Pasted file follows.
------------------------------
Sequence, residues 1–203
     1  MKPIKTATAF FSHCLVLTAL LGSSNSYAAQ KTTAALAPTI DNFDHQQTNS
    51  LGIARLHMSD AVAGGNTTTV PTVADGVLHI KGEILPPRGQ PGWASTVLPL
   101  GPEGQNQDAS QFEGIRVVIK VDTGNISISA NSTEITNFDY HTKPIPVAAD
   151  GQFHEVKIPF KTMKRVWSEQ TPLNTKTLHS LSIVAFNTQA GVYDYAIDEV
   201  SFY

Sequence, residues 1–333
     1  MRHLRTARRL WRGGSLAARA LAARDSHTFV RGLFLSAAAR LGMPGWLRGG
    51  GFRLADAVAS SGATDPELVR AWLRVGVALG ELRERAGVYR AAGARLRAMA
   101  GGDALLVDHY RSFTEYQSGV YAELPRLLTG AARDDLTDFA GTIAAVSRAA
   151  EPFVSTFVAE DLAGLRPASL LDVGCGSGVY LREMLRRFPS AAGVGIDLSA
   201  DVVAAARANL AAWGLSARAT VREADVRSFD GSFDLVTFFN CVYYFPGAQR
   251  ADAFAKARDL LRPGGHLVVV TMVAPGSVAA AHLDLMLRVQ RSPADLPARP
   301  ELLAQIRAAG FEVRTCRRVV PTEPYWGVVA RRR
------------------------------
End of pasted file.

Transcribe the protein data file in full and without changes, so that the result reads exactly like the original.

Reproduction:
Sequence, residues 1–203
     1  MKPIKTATAF FSHCLVLTAL LGSSNSYAAQ KTTAALAPTI DNFDHQQTNS
    51  LGIARLHMSD AVAGGNTTTV PTVADGVLHI KGEILPPRGQ PGWASTVLPL
   101  GPEGQNQDAS QFEGIRVVIK VDTGNISISA NSTEITNFDY HTKPIPVAAD
   151  GQFHEVKIPF KTMKRVWSEQ TPLNTKTLHS LSIVAFNTQA GVYDYAIDEV
   201  SFY

Sequence, residues 1–333
     1  MRHLRTARRL WRGGSLAARA LAARDSHTFV RGLFLSAAAR LGMPGWLRGG
    51  GFRLADAVAS SGATDPELVR AWLRVGVALG ELRERAGVYR AAGARLRAMA
   101  GGDALLVDHY RSFTEYQSGV YAELPRLLTG AARDDLTDFA GTIAAVSRAA
   151  EPFVSTFVAE DLAGLRPASL LDVGCGSGVY LREMLRRFPS AAGVGIDLSA
   201  DVVAAARANL AAWGLSARAT VREADVRSFD GSFDLVTFFN CVYYFPGAQR
   251  ADAFAKARDL LRPGGHLVVV TMVAPGSVAA AHLDLMLRVQ RSPADLPARP
   301  ELLAQIRAAG FEVRTCRRVV PTEPYWGVVA RRR